LAO’s Director of Policy provided an update on LAO’s bail strategy. The bail strategy paper documents the problems with bail in Ontario, drawing on important reports from the John Howard Society of Ontario and the Canadian Civil Liberties Association. The problems include an increase in the use of detention by police, delays in reaching a bail hearing, increasing overuse of sureties, and an increase in onerous bail conditions that are not related to the risk of offending. These problems have a disproportionate impact on LAO’s marginalized clients.
LAO’s bail strategy outlines ways in which LAO can be part of the solution, including by improving the efficiency of the bail process. LAO has improved certificate eligibility for bail, and is working with Aboriginal justice stakeholders to bring Gladue principles into the bail process. LAO is piloting a best practices bail court for duty counsel at the 1000 Finch courthouse and would like to see it replicated in other parts of the province. The new Mandate Letter for the Attorney General identifies bail and remand as a priority, and LAO is hoping to coordinate the announcement of its bail strategy with the Attorney General.
It was noted that the Ottawa-Carleton Detention Centre Task Force identified the growth in remand prisoners as a factor contributing to overcrowding at the this facility. LAO’s Director General, Eastern Region, reported that LAO duty counsel are taking legal aid applications at the Ottawa-Carleton Detention Centre so that people do not have to wait an additional day for video bail, and this has helped to reduce the size of the population there. LAO district staff are also involved in a group that is continuing to look at the Ottawa-Carleton Detention Centre situation.
Committee members provided input and advice. The views expressed do not necessarily reflect the views of every member:
There is a need for follow-up and oversight with respect to the use of segregation. There is a risk that the new limits on segregation announced by the Ministry of Community Safety and Correctional Services may not be enforced or monitored by front-line staff. Historically, much of what is supposed to happen in corrections does not happen, and this applies at both the provincial and federal levels.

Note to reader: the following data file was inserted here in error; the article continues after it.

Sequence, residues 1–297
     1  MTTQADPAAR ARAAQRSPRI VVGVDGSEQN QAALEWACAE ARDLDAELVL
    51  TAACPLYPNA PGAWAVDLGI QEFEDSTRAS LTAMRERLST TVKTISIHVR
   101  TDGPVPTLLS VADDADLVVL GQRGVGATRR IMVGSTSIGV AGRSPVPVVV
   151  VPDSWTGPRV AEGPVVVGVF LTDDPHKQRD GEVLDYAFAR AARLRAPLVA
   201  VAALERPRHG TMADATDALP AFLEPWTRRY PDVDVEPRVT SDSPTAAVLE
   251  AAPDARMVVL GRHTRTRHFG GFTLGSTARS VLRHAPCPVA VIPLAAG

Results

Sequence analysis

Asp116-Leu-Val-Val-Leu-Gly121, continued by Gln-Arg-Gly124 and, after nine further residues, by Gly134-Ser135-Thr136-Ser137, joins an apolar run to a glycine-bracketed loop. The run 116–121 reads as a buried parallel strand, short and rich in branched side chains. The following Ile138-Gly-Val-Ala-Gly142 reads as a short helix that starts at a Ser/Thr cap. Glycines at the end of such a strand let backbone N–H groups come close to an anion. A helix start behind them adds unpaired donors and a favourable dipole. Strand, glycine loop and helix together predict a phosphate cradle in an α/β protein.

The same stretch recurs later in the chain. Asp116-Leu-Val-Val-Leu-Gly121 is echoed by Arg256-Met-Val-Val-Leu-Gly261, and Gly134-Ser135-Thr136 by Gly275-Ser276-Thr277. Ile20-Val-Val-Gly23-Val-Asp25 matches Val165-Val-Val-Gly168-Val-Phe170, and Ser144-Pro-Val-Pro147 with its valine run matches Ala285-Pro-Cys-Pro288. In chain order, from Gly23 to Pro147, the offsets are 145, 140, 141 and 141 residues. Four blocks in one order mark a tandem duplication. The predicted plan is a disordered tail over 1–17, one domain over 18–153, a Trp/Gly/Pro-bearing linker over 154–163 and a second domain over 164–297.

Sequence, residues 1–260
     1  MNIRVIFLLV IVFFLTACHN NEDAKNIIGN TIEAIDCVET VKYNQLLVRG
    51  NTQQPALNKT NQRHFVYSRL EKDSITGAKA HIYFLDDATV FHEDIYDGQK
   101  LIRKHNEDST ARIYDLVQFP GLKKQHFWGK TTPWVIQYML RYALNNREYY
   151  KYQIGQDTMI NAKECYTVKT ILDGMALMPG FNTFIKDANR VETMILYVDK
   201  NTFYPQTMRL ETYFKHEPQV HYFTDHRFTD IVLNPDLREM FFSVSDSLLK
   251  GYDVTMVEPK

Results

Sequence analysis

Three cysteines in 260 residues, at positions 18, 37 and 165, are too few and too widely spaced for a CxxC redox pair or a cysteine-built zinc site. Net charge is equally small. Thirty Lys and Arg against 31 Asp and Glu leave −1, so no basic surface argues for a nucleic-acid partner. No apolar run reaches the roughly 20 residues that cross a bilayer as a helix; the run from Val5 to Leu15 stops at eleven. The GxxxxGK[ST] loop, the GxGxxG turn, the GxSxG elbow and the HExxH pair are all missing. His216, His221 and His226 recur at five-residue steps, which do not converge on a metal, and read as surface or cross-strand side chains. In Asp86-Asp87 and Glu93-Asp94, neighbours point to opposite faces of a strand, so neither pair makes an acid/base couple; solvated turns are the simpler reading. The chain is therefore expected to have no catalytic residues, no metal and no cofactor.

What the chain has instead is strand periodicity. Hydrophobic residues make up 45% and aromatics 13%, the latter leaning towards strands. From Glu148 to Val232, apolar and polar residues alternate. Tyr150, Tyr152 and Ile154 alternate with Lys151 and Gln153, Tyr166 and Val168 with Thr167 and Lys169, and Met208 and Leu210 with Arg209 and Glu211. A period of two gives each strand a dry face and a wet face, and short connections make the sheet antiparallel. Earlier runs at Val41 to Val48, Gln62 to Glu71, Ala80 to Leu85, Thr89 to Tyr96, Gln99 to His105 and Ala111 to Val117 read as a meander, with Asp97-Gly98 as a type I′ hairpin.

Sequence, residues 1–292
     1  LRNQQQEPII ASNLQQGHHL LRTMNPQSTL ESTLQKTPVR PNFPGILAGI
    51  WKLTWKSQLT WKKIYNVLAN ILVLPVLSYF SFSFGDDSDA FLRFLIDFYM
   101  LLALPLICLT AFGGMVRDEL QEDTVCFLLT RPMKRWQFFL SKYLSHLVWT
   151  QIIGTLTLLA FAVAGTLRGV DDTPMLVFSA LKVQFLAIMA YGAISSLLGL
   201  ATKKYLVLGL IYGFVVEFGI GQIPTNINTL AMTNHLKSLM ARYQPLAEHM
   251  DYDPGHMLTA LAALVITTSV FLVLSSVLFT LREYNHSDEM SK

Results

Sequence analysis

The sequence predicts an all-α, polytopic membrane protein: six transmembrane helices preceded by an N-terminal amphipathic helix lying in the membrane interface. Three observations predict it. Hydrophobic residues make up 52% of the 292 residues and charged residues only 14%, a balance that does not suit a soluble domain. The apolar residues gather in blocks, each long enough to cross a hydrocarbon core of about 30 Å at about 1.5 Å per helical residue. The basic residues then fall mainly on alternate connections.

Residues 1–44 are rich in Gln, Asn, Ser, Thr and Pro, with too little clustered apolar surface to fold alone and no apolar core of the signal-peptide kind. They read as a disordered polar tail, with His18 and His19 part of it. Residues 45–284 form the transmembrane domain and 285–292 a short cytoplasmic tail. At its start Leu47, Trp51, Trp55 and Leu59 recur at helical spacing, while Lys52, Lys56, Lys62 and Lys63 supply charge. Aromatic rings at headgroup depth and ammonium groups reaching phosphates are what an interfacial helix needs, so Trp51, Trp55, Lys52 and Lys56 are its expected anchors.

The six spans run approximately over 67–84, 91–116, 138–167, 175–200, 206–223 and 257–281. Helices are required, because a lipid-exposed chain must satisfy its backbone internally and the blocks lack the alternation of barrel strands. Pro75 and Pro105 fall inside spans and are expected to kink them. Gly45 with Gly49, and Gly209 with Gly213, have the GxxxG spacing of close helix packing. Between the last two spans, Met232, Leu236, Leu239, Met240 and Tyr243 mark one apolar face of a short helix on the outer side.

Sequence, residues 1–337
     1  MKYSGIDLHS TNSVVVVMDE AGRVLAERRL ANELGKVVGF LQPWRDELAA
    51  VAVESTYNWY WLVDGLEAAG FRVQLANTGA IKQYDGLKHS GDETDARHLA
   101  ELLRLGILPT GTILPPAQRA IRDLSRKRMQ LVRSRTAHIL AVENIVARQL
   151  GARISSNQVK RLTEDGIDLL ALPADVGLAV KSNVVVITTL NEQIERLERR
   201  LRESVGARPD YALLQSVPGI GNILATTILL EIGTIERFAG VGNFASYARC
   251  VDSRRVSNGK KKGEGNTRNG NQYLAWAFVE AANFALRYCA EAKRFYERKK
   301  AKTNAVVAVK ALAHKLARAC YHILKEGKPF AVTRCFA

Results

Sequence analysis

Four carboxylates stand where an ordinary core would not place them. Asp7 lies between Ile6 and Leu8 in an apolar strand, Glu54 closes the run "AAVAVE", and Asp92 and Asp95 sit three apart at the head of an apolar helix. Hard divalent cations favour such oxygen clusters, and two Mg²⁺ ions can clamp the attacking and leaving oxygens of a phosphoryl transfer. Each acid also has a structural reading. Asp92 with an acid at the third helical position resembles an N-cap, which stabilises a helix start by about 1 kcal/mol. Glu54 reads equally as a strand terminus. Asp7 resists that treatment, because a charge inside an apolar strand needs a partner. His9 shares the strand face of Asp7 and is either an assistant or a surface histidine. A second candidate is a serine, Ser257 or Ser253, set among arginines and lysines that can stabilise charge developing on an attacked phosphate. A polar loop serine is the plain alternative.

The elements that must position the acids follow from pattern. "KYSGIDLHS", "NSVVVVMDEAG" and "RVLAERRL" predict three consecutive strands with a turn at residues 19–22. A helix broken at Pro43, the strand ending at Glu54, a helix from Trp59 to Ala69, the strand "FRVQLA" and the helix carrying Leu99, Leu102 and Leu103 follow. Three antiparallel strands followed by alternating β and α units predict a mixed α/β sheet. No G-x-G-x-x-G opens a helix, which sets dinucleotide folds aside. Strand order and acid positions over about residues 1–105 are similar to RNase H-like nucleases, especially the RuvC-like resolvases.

It was suggested that LAO refer to the 1996 Arbour Commission report, which emphasized the need for limits to be place on the use of segregation including the establishment of external oversight. The report, Commission of Inquiry into certain events at the Prison for Women in Kingston, was written in the context of the situation of federal women prisoners, but is capable of wider application. Although there was a lack of readiness to respond to the report’s recommendations at the time, the situation is likely different today.
Prisoners have legal needs in different areas of law. Family, criminal, and immigration and refugee law are all distinct areas of expertise. There is a need for an effective referral process to properly address the different legal needs of incarcerated clients. When a legal need is identified, for example in immigration law, the client should be referred to an immigration expert to provide that assistance. The private bar can play an important part in making this process effective.
The time is right to examine whether women prisoners are being underserved in terms of equal access to legal services. Federally sentenced men in the Kingston area have access to a combination of certificate and clinic legal aid services in the area of prison law. Federally sentenced women in Kitchener have access to certificates, but not to prison law clinic services that cover matters such as grievances and human rights complaints.
The number of prisoners over the age of 50 is increasing, and there is a wide unmet need for services for these older prisoners. Many are terminally ill and will not be released before their deaths. They are not able to access assistance with preparing their wills or advance directives, or settling property issues and other legal issues before they die. These matters weigh heavily on their minds. Some prisoners make holograph (handwritten) wills, but these are often thrown away by correctional staff who clean out the cell after a prisoner dies. Some assistance with will preparation is available in the Kingston area through the Queen’s Prison Law Clinic, but otherwise these services are not available. Perhaps LAO could think of how to assist in providing these services, possibly through a partnership initiative.
5. Other business